Why does Corporate America outsource jobs to India? Corporations, anywhere in the world, are not renowned for their philanthropy; so obviously it makes economic sense for them to do so. A man or woman manning a help desk in India would be paid around $300 a month. Even assuming overheads of 100%, the cost to the company would be $600; which is less than his American counterpart would make in a week.
And what does the corporation get for its $600 a month? They get a young man or woman who is, at a minimum, a college graduate. He gets someone who has attended an intensive, four week training session to develop – among other requirements – an “American” accent. He gets someone who clocks in for work at 10 in the night and leaves for home at eight in the morning – six days a week – so that he can be available during daylight hours in the USA – to answer questions and complaints, which sometimes degenerate racial taunts – from disgruntled customers.
For the young men and women – usually straight out of college – who are employed at these “call centres” – as they are called here – the pay is good (by Indian standards), but the work is extremely demanding, both mentally and physically. Physically, they have to reset their body clock; forget about social interaction with “normal” friends – and even their bathroom breaks are regulated and timed (persons with weak bladders need not apply). Mentally, they have to respond to dozens, sometimes over a hundred, calls every night and have their supervisors breathing down their necks. Probably the one thing that takes the most out of them is the necessity to be unfailingly polite to customers who are yelling at them. By now, many Americans are aware that their calls are probably being routed through India and some – if they are not satisfied – they have no hesitation in hurling epithets like “darkie”, “wog” and “bloody Indian” at the person at the other end; who just has to grin and bear it – or risk losing his job. It is hardly surprising, then, that the attrition rate is staggering. Most new employees get burned out within a year.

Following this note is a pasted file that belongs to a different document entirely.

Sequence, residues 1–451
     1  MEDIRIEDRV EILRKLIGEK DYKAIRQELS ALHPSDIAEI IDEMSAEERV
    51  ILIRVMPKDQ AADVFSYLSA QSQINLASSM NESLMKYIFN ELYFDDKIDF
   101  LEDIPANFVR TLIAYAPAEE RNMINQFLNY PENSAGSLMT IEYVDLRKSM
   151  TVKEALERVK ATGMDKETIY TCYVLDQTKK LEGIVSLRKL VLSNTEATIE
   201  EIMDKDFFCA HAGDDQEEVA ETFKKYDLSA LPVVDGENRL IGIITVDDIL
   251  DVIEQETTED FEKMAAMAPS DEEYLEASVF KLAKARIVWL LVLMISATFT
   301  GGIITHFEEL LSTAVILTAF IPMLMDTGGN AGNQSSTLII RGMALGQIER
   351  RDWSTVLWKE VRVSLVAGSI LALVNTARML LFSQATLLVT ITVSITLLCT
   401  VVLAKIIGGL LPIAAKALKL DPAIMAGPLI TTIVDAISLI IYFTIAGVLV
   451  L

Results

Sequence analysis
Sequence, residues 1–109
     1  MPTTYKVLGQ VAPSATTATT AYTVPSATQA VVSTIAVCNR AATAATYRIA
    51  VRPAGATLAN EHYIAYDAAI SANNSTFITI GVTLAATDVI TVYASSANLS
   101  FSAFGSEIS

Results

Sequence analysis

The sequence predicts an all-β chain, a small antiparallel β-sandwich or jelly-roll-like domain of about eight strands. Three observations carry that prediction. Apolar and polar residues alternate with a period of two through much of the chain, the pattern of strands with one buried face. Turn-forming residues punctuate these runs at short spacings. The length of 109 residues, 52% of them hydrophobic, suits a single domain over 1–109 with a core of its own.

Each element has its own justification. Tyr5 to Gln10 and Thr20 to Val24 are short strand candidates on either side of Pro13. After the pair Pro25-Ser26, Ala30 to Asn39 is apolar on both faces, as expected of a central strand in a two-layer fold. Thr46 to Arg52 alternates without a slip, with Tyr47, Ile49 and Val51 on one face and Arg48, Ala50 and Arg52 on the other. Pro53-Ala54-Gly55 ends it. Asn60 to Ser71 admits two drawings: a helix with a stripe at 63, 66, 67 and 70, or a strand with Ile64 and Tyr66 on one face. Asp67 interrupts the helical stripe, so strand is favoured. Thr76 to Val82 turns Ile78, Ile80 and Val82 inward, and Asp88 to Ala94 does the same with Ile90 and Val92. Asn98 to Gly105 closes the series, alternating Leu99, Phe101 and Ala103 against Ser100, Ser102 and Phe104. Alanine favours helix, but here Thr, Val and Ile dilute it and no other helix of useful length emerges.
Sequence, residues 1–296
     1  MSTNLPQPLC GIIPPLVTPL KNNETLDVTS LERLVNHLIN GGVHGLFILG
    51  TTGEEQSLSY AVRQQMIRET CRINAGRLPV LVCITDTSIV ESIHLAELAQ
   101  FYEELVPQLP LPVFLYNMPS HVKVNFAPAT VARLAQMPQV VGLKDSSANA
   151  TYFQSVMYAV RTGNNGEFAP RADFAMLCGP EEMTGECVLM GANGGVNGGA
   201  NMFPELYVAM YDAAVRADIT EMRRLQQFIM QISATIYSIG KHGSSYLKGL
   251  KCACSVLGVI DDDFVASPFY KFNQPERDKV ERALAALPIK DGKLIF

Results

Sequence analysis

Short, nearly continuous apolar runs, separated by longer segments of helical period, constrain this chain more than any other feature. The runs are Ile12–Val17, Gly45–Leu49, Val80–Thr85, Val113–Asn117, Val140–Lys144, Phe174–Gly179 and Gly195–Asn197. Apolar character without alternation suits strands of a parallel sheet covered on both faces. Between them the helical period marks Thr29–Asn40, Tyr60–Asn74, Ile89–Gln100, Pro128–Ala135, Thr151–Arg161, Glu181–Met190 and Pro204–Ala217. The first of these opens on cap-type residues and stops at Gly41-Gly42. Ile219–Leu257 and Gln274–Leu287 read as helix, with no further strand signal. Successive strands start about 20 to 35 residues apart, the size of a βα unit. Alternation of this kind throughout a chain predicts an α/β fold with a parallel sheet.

On the overall outsourcing front, however, things are looking up. It is no longer just the low end jobs that are being outsourced. Medical transcription – where medical test reports are prepared in India and emailed back to doctors in the US – is taking off in a big way. Entire software packages are being created in India for major American corporations. Many of the special effects you see in Hollywood blockbusters are actually created in India. There is even talk about the IRS sending some of your tax returns to India for processing.
There is understandable resentment among some sections of American society that jobs are being snatched from US citizens. True, but – if the world is now a global village, as is being claimed – they should be prepared to compete for jobs with people from other countries; even if it involves a substantial pay cuts. Like I said before, corporations are not charity organizations. They will go wherever they get the best returns.
Finally, all those great discounts on clothes and other goods – not to mention Nike and Reebok – which Americans get at Walmart and department stores are possible only because the goods are manufactured in India, China and other Asian countries. Products made in America would cost five times as much – which wouldn’t go down well with most customers. To quote a corny cliché: you cannot eat your cake and have it too.